Serum or urine total hCGβ levels are detectable in 75% of pregnancies by the 9th day after ovulation and more than 95% by the 10th day after ovulation.13 At the point of missed menses, the serum total hCGβ levels are normally about 100 mIU/mL. The serum total hCGβ levels reach a peak value at around 100,000 mIU/mL by 8 weeks to 10 weeks of gestation, and then decrease and remain stable at about 20,000 mIU/mL throughout the rest of the pregnancy.14
The doubling time of the total hCGβ level is 1.4–2.1 days in normal early pregnancy.15 The serum total hCGβ level rises by more than 66% every 48 hours in 85% of intrauterine pregnancies. Thus, a rise in the total hCGβ level of less than 66% suggests the possibility of ectopic pregnancy, while a fall by more than 50% strongly suggests the possibility of a spontaneous abortion.8,9 A single total hCGβ level is also clinically useful in determining whether or not the pregnancy is intrauterine. Ectopic pregnancy should be considered if no intrauterine gestational sac can be found at a serum total hCGβ level of more than 1,500 mIU/mL or 2,000 mIU/mL on a transvaginal ultrasound scan, or more than 6,500 mIU/mL on a transabdominal ultrasound scan.16,17 Various quantitative methods have been used to measure the concentrations of biomolecules in medical laboratories since the 1960s, of which enzyme-linked immunosorbent assay (ELISA) is the best known.18 The subsequent development of chemiluminescence immunoassay (CLIA) provided a detection technique with increased sensitivity and specificity after the 1970s.19 Nevertheless, there are several drawbacks with these methods, such as the extra time required for washing and incubation between the addition of reagents, decay of color signal intensity, and the requirement of two different antibodies. Immunomagnetic reduction (IMR) assay is a promising method to overcome these disadvantages, and it has been investigated for the quantitative detection of biomolecules by biofunctionalized magnetic nanoparticles.20,21 The use of quantitative measurements of serum total hCGβ concentrations to assist in the diagnosis of ectopic pregnancy is well established, but quantitative urine assays are not readily accessible. With regards to point-of-care testing, the development of quantitative urine total hCGβ assays for the diagnosis of ectopic pregnancy is essential. In this study, the feasibility of assaying urine total hCGβ concentrations using IMR was investigated. In addition to synthesizing the reagents for the IMR assay, the characteristics of assaying total hCGβ via IMR were explored. Furthermore, we performed a prospective study to detect urine total hCGβ concentrations of pregnant women by IMR assays, and attempted to verify the potential of the urine IMR assay for the diagnosis of ectopic pregnancy.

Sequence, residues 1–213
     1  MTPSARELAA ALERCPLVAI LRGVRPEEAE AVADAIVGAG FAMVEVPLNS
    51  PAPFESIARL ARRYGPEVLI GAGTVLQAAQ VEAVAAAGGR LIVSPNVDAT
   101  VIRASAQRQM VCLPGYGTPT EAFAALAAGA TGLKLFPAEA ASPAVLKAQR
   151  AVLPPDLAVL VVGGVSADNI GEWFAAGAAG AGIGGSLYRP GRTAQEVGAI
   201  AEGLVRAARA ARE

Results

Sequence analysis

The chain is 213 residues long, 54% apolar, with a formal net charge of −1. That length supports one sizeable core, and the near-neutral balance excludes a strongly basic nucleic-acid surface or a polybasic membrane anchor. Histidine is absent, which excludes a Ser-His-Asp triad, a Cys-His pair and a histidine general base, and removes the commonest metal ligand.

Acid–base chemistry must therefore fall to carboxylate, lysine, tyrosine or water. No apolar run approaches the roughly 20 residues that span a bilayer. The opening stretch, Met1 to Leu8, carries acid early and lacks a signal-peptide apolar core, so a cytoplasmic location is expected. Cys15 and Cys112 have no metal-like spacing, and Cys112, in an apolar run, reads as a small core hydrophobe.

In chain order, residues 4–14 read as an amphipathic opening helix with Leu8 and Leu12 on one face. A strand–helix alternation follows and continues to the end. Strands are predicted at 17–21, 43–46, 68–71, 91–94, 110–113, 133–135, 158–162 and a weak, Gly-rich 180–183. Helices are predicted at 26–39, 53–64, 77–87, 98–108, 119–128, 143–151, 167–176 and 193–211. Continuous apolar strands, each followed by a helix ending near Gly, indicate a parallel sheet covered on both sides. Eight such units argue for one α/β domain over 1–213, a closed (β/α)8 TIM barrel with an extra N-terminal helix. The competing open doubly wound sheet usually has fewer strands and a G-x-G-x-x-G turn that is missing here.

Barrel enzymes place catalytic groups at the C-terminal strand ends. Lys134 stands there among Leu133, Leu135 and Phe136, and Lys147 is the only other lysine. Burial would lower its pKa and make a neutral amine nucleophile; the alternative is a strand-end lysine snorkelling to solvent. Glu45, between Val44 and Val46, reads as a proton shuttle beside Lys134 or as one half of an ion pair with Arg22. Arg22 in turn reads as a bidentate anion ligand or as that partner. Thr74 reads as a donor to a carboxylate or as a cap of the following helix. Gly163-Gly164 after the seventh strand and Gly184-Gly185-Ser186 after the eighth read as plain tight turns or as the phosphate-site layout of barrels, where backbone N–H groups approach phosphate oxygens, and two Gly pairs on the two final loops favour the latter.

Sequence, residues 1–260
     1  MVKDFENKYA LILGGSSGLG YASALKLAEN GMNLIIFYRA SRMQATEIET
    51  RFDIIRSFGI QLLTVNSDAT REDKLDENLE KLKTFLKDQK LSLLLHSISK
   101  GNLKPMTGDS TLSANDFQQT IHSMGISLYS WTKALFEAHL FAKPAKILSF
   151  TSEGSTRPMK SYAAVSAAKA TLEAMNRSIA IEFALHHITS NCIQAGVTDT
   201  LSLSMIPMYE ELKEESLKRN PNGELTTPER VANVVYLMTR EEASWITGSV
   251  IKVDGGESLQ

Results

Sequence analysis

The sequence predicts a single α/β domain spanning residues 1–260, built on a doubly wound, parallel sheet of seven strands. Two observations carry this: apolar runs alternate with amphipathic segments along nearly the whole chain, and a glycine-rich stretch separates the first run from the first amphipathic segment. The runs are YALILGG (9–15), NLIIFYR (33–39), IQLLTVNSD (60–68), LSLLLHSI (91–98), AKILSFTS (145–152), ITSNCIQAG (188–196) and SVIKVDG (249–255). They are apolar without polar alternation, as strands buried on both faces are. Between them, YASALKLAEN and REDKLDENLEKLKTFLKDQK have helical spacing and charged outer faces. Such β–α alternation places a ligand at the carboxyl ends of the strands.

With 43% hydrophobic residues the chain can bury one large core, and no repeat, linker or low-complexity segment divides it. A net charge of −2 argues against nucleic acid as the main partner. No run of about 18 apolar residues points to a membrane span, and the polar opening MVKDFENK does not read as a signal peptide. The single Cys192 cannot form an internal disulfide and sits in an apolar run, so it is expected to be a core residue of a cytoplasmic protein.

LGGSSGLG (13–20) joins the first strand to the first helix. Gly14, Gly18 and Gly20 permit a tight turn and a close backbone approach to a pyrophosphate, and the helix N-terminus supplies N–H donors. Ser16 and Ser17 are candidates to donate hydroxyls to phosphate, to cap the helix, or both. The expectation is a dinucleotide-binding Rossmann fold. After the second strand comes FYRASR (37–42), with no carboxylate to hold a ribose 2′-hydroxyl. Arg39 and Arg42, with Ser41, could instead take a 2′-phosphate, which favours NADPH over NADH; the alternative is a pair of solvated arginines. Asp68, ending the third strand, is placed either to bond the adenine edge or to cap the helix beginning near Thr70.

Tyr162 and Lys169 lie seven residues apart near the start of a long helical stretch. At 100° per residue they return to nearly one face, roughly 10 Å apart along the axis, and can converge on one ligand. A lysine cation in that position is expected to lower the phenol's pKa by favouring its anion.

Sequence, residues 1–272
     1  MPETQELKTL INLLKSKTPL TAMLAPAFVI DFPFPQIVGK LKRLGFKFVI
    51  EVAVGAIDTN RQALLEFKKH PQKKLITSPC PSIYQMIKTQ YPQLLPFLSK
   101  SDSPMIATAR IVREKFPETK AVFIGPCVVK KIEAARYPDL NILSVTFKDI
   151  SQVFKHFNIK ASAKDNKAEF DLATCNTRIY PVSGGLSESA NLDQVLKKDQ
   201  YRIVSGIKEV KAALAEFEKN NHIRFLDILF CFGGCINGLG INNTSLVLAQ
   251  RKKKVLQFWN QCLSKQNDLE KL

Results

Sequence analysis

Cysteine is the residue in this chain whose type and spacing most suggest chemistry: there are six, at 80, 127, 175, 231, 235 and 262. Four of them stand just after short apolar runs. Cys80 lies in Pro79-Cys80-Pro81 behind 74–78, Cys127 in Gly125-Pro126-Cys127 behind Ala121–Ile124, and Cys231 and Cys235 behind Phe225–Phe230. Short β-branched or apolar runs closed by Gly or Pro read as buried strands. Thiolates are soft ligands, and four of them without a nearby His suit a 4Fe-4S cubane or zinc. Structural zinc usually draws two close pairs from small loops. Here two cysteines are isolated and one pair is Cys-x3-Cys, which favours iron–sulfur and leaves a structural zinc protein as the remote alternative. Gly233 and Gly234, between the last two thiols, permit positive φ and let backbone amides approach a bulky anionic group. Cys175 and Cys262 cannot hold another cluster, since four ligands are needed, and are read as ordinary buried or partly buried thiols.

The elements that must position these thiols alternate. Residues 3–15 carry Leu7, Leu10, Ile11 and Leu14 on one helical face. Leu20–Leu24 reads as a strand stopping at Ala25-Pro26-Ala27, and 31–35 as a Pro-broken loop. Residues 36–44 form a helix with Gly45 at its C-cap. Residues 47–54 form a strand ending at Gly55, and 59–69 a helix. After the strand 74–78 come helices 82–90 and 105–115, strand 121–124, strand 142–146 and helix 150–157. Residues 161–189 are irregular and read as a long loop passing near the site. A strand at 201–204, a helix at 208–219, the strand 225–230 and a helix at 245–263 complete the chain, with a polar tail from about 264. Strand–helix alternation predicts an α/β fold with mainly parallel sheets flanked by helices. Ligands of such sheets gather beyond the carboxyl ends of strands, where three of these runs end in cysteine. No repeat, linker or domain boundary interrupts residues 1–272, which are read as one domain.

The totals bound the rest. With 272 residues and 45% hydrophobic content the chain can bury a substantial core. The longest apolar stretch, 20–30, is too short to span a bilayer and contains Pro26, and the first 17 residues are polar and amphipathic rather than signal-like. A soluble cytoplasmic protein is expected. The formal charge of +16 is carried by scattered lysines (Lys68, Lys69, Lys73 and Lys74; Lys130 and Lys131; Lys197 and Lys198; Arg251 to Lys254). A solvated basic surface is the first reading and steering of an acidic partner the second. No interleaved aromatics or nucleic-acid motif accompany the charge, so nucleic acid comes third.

Materials and methods
This prospective study was performed in Mackay Memorial Hospital, Taipei, Taiwan from April 2013 to November 2013. The serum and urine samples of pregnant women who complained of lower abdominal pain and/or vaginal bleeding in the first trimester were collected. We then sent the samples to the laboratory for IMR detection using an IMR analyzer (XacPro-E; MagQu, New Taipei, Taiwan). The IMR signals were measured in duplicate for each sample. The final diagnosis of ectopic pregnancy was based on ultrasound scans, operative findings, and pathology reports. This study was approved by the Mackay Memorial Hospital Institutional Review Board (IRB #12MMHIS179), and informed consent was obtained from all participants for the collection and analysis of clinical samples.